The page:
A big hearty bowl is placed before me. I always remember my grandmother heaping salt into her Chicken Soup before she even tasted it. No need here - the broth is salty, meaty and full of flavour. The semi-hard boiled egg, tender pork, spring onion and noodles combine with the broth perfectly. The only thing missing on a Friday night is Kreplach (dumplings filled with meat and added to Chicken Soup). With my extensive knowledge of Japanese cuisine, I thought the closest thing to Kreplach was Gyoza and quickly ordered a serve. I was tempted to drop them into my Ramen but thought it best not to draw any more unnecessary attention to myself and quickly devoured them.

So the Jews and the Japanese appear to have more in common than we think. Ramen just might be the Japanese penicillin. Now to track down some Challah and I'm set!

Tuesday, February 8, 2011

The Xiao Long Bao 11 @ Yokohama

What better way to bring in the Chinese New Year than by celebrating in Japan. Along with a crew of "Gajin" (Japanese for "non-Japanese") we boarded the train at Shibuya station for the journey to the city of Yokohama, home to one of the largest China Town areas in Japan. Pushing through the massive crowds we managed to view the standard parade.

Following the parade, we moved onto the important business of the day - dumplings of the Xiao Long Bao variety. For the uninitiated, these are generally steamed dumplings filled with pork and a hot soupy broth. The virtues of these dumplings have been well documented in Melbourne foody circles, having been made famous by Hutong. The difference here was that the streets of Yokohama were lined with vendors selling these tasty morsels. To the chagrin of my compadres, I pragmatically chose the stall with the longest queue and waited patiently.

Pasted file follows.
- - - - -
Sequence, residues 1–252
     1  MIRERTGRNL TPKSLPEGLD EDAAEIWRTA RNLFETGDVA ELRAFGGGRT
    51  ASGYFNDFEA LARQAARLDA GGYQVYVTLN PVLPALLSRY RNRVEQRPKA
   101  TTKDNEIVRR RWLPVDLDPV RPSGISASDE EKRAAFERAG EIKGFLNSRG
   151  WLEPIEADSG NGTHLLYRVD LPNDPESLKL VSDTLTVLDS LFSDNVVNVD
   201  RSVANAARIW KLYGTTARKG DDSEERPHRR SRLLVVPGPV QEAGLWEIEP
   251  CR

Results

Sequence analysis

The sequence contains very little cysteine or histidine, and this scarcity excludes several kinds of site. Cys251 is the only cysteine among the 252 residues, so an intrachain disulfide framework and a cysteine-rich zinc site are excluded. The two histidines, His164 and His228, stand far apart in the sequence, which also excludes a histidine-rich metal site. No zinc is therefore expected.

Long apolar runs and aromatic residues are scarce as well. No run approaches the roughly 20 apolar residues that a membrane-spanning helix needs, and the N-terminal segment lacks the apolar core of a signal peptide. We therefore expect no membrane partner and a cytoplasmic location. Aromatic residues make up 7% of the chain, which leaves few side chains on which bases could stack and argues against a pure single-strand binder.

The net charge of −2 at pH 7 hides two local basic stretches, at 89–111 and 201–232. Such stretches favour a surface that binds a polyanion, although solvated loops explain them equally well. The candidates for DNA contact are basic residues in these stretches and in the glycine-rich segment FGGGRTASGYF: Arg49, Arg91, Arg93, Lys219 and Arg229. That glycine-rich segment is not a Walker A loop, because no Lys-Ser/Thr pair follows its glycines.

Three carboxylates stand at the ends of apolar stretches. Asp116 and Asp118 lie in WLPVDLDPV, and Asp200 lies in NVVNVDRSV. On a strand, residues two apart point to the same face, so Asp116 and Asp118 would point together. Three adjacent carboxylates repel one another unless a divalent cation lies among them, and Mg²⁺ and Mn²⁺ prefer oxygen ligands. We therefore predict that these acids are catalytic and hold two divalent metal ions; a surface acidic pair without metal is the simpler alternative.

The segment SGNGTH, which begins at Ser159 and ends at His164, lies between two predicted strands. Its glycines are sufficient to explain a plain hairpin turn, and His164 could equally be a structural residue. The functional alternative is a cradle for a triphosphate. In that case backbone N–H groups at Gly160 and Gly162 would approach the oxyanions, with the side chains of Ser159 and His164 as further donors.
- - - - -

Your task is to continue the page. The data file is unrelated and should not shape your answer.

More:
20 minutes later, after the maestro having first steamed the dumplings, then fried the bottoms in oil and then having added a sprinkle of spring onions, they were ready. I eagerly handed over my yen, snatched the dumplings and added the usual vinegar. Then I heard a scream.
My famished rookie XLB eating companion had dived in too soon, biting into the hot soup dumpling, painfully scolding his tongue. Me, being well trained in the art of XLB eating, was familiar with the ancient Chinese proverb "Patience is a virtue" where the Xia Long Bao 11 approach was first developed. See upon receiving your dumplings, you must wait a full 11 minutes before consuming. As you can see in this photo, it is a well trained art. Even with the skill of the grand master that I possess, it can still be a difficult pursuit, particularly eating whilst standing in a street packed with thousands of parade-goers.